English 1102: Television and Feminism

Dr. Casey Alane Wilson • Georgia Institute of Technology

Tag: Color and Lighting

Blue and Yellow: Wynonna Earp

This post I’d like to focus in on the color choices the show uses. Wynonna Earp primarily uses two colors for lighting: blue and yellow. Contrary to my previous reviews, Wynonna Earp actually makes successful use of these lighting choices, even if they are rudimentary. The different lighting makes the scenes feel different and adds a slight accent so the show does not constantly look the same. In addition, the two colors do not have a constant meaning, which I think is good. Instead, each scene is colored in a way that complements the scene. In addition to lighting, Wynonna Earp frequently uses to color as symbolism.

In Episode 10 we can see examples of Wynonna Earp successfully using color to match the scene. Early in the episode Wynonna tracks Dolls to find where he keeps going. This scene is outdoors during the night, and it is cast in a yellow glow. Yellow matches well because it makes the scene darker than a blue hue would. Also, streetlights typically have a yellow glow, which matches the kind of lighting a city during the night would have. Another prominent example of color use is when Wynonna first arrives in Lou’s convent. This scene is cast in a blue glow, which makes it seems as if Wynonna has entered a spiritual world. She even remarks that she thinks she has died. Overall the lighting of the show is limited in color, but effective.

The night scene is cast in yellow to add realistic context to the scene.

The scene following Wynonna’s entrance into the convent is also an excellent example of color usage. So far, everyone in the convent has been wearing white, but here Wynonna wears black. This color choice is simple, but it reinforces the fact that Wynonna does not belong and that she is there to kill Lou. This black color for Wynonna is a constant motif through the show and often serves to emphasize her rebellious attitude. Overall, although its color choices are basic Wynonna Earp uses them effectively to convey meaning or add context to a scene.

Wynonna is shown in black to separate her from the rest of the women at the convent

The Evolving Cinematography and Direction in Kimmy Schmidt

After being trapped in a bunker for a decade, Kimmy finally experiences the lively world she has been missing out on for the past ten years and the lighting and direction style certainly reflect this situation throughout the entire series.  In this post, I will be analyzing the cinematography and direction in the episode titled “Kimmy Goes to a Party!” (Season 1, Episode 7)  of Kimmy Schmidt: Unbreakable, and more specifically how this episode provides a stark contrast to those previously in the first season.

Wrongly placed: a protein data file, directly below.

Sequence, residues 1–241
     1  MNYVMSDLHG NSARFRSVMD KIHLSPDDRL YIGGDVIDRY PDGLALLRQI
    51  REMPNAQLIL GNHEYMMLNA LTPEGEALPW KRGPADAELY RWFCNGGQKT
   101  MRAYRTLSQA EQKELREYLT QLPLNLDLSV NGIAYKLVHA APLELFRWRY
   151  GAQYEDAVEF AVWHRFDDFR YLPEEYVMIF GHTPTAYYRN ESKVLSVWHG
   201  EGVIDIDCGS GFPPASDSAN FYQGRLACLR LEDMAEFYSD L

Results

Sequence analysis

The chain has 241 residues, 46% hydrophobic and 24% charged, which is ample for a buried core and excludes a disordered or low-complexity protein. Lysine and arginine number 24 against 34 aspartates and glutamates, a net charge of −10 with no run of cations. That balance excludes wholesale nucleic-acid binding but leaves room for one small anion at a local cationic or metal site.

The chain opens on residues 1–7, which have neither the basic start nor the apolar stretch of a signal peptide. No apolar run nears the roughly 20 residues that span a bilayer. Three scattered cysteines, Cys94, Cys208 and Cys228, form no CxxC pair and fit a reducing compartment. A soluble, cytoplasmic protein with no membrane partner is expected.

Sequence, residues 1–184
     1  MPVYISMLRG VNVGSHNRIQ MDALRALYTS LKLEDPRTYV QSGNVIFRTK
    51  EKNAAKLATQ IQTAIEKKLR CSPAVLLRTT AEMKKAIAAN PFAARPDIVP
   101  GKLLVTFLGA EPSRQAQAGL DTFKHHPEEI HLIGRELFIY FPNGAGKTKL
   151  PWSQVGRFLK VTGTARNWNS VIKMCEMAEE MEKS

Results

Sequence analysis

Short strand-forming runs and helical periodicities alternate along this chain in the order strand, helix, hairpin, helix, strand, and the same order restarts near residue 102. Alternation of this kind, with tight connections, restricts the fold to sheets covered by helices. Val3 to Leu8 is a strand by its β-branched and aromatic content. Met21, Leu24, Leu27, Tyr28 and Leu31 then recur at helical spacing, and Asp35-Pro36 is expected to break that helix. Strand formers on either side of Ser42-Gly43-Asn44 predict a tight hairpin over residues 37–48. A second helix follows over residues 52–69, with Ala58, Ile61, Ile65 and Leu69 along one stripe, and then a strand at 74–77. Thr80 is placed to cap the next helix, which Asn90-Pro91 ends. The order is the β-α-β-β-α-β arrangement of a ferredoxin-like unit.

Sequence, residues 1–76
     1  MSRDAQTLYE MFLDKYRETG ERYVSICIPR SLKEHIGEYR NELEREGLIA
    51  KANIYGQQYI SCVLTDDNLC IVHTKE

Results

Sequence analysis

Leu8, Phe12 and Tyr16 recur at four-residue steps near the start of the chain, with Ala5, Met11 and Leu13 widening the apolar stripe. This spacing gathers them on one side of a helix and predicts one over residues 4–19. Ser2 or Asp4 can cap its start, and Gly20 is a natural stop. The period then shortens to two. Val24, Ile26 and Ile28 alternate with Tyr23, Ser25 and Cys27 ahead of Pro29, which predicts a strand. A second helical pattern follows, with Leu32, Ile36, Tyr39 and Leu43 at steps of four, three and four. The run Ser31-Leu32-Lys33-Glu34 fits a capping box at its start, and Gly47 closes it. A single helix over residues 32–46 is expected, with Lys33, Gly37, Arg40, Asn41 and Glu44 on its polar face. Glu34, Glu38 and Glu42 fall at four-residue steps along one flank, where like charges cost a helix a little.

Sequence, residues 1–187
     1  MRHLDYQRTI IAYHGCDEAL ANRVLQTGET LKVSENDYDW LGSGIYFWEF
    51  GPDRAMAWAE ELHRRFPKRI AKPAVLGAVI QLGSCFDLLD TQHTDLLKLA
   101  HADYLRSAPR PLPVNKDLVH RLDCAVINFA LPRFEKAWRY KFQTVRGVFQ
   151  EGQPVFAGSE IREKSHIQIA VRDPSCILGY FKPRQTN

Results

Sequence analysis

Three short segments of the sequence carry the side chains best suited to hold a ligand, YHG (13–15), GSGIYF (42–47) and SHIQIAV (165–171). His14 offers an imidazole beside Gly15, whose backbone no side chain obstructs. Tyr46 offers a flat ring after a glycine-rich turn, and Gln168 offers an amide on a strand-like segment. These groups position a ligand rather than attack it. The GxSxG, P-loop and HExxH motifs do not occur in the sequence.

Early on in the season, the first episodes are filled with quick, snappy cuts that make the viewers feel almost overwhelmed. This is deliberately done to make the viewer feel as Kimmy does living in the overwhelming city of New York after being locked in a bunker for 10 long, tedious years.  However, after Kimmy gradually adjusts to this lifestyle episode by episode, the direction changes as cuts become longer and more problematic situations start to thicken the plot of the series. This episode is filled with suspense as Kimmy attempts to impress a guy she likes and Jacqueline Voorhees faces paranoia regarding a possible affair her husband had.  Naturally, this episode is filled with some of the longest shots of the whole series as the characters must face these issues and invoke a sympathetic response in the audience toward the character’s issues (which is nearly impossible to do with the short shots that are common throughout the show).

In regards to the lighting, the show is filled in this episode, and the whole series for that matter with vibrant color as Kimmy is re-experiencing life in the lively New York City after being held captive in a lifeless, gray bunker for the previous 10 years.  The costumes within this episode, like all episodes in the series, are vibrant, appealing to the visual eye of the audience.  Kimmy is the perfect example of the vibrant color scheme of the show as she is always wearing some sort of clothes with highlighter pink, yellow or blue coloration.  Even with the very bright lighting of a show set in New York City, the director makes it an apparent goal to make sure to go the extra mile by creating a vibrant wardrobe and including other items with playful colors to enhance the jubilant, open lighting of the episode to contribute to the warm-feeling shots of the episode.